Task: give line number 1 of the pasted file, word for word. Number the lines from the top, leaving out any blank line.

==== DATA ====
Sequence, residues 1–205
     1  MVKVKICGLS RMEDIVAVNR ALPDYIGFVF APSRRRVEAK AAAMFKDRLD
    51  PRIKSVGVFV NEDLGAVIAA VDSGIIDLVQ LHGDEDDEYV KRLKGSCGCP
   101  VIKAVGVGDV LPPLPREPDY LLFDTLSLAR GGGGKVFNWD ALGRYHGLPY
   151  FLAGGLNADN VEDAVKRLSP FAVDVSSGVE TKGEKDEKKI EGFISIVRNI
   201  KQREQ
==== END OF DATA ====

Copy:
Sequence, residues 1–205